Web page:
sacrifice their personal chances for advancement simply to support his education. Yet once
that child becomes a professional, his income will help to support his siblings, while his
prestige will enhance their marriage prospects. (Kurtz, 2002, p. 37).

Such kin groupings may be extremely nepotistic and distrusting of non-family members in the
larger society. In this context, non-democratic regimes emerge as a consequence of individuals turning to reliable kinship groupings for support rather than to the state or the free market. It has
been found, for example, that societies having high levels of familism tend to have low levels of
generalized trust and civic engagement (Realo, Allik, & Greenfield, 2008), two important correlates
of democracy. Moreover, to people in closely related kin groups, individualism and the
recognition of individual rights, which are part of the cultural idiom of democracy, are perceived
as strange and counterintuitive ideological abstractions (Sailer, 2004).

By the way, cousin marriage results in an elevated risk of birth defects but on the same order as a 40 year old woman having children as opposed to a 30 year old. In other words, the risks are small relative to other accepted risks. Results do get worse when cousin marriage is prevalent over many generations.

Hat tip to Chris Blattman and Joshua Keating. FYI, Steve Sailer wrote an interesting piece on this issue.

Is there a shortage of STEM workers in the United States?

Via Matt, Hal Salzman, Daniel Kuehn, and Lindsay Lowell suggest there is no shortage because we do not observe significant wage rises for STEM workers.  That’s a fact worth knowing and I am happy to praise the study in that regard.  But it’s painting the basic worry into too narrow a box with its use of the word “shortage,” interpreted so literally.

The core claim is that STEM sectors will be those which produce the future social increasing returns for the economies which house them.  If true (I am not trying to prejudge this), that means we should invest in both more STEM workers and more complementary inputs, whether that be particle colliders, NIH funding, the right broadband infrastructure, legalizing driverless cars, better IP law, tougher schools, or whatever.  With the new, additional STEM workers, and the complementary inputs, America will (supposedly) be much better off.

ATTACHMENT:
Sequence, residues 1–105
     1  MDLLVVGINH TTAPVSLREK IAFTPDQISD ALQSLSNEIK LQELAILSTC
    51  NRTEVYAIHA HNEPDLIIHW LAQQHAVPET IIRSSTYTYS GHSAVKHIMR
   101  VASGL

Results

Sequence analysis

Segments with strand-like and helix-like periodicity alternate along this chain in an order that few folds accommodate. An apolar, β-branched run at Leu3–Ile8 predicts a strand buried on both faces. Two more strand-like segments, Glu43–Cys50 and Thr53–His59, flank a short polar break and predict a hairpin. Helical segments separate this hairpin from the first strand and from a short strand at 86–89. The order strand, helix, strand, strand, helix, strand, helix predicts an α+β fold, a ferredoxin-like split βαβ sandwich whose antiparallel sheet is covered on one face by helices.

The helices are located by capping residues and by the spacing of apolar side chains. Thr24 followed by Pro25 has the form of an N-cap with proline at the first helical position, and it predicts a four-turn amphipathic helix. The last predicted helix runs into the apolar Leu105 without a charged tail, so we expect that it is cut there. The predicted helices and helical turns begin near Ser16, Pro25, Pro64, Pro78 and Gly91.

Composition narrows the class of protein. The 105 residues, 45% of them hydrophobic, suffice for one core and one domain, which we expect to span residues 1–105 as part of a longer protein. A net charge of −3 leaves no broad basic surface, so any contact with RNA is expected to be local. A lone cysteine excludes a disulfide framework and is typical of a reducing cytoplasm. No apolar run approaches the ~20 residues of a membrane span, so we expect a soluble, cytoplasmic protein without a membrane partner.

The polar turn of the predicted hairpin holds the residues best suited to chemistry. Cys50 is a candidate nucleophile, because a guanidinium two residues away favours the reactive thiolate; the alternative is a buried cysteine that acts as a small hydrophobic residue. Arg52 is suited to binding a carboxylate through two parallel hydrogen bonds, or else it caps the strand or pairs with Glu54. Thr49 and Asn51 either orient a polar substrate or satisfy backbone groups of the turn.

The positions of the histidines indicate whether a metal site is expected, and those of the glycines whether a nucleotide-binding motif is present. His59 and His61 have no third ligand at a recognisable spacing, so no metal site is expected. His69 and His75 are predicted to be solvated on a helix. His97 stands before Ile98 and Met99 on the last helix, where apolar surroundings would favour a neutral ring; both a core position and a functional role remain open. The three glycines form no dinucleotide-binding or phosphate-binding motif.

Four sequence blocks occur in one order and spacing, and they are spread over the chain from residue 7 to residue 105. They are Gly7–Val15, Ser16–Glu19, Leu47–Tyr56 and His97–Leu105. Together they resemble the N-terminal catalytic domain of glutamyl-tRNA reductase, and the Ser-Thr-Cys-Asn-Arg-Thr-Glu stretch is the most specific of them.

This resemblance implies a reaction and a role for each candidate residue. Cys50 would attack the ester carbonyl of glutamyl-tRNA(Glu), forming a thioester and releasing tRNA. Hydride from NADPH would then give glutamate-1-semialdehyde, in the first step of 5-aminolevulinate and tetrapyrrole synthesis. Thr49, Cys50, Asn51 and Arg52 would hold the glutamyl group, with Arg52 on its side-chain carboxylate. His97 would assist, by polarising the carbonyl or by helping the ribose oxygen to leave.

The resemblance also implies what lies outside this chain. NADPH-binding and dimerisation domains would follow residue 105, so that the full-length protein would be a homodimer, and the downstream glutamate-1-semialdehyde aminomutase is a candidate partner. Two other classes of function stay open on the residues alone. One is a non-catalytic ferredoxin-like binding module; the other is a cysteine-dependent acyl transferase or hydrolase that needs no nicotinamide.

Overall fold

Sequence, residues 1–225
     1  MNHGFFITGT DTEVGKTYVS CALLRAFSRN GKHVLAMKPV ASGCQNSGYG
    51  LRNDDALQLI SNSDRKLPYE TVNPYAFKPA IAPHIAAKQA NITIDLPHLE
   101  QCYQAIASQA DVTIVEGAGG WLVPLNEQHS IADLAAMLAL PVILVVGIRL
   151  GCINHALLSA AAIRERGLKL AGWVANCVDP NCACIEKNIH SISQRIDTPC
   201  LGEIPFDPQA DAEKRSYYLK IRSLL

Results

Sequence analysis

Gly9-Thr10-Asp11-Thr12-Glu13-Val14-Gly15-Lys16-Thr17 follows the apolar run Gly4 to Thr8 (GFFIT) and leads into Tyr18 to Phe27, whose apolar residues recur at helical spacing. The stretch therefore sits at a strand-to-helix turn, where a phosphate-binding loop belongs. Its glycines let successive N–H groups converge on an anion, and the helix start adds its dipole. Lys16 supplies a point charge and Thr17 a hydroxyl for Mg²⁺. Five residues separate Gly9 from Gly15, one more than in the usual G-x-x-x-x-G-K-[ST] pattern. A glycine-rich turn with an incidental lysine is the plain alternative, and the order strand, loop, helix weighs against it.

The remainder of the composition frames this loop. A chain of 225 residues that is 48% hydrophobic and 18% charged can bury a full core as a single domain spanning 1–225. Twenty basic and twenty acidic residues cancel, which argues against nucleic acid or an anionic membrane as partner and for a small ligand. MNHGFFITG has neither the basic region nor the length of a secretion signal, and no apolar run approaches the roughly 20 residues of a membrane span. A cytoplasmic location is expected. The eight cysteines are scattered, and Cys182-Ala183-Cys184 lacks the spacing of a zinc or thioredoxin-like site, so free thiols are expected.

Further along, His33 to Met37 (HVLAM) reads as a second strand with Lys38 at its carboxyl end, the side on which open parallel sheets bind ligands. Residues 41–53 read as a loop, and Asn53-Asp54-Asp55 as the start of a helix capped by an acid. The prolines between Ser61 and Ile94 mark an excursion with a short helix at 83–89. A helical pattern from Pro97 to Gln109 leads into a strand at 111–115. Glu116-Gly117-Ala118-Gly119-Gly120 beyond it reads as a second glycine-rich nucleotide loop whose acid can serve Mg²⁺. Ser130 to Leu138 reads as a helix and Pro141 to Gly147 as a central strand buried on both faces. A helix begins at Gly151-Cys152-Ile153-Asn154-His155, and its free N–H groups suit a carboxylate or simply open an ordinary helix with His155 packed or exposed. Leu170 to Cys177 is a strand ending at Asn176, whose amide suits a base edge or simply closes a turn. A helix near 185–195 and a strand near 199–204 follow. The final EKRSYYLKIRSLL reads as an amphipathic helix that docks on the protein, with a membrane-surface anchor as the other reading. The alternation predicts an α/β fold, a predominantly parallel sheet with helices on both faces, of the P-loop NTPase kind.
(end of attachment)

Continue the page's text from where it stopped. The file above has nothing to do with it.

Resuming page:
To point out that the current supply of STEM workers stands in proper proportion to the other inputs suggests only that we are at a local optimum, not a global optimum.  Similarly, it could have been pointed out that, before the rise of Hyundai, South Korea had just the right number of auto workers (not many) for their factories (also not many).  That could have been true enough, but still investing in more auto factories and more auto workers was for Korea a very good path forward.

On top of all that, the report shows a worrying lack of concern about the notion of an economic margin.  Even without boosts in the complementary inputs, more STEM workers still can be put to good use, even if there is no “shortage” today.

Here is a related post by Adam Ozimek.  And Daniel Kuehn responds.

Scott Sumner on sticky wages for the unemployed

Scott writes (and Alex seconds, and here is a Woolsey response):

Nominal wages are fixed for the employed. NGDP falls 5%, and 5% of workers are laid off. Now the unemployed workers lower their wage demands by 20%. Why not by even more? Because of minimum wage laws, unemployment insurance, fear of loss of prestige, etc.

Suppose companies are not worried about workers making invidious comparisons (a big if, but I’ll grant this point to my opponents.) In the best case scenario firms lay off 4% percent of their workers and hire back the 5% who are unemployed at the same total wage bill. The excess unemployment is now 4% instead of 5%. The total unemployment rate falls from 10% to 9% (assuming 5% is the natural rate.) No big deal, we are still deep in recession. Thus wage flexibility among the unemployed doesn’t really help very much. If all employed workers accepted a 5% pay cut (or if the government ordered such a cut) and the Fed kept targeting inflation, we’d experience rapid economic growth.

Most of all, I praise Scott for being the only respondent, of many, to actually try and explain why nominal wages are sticky.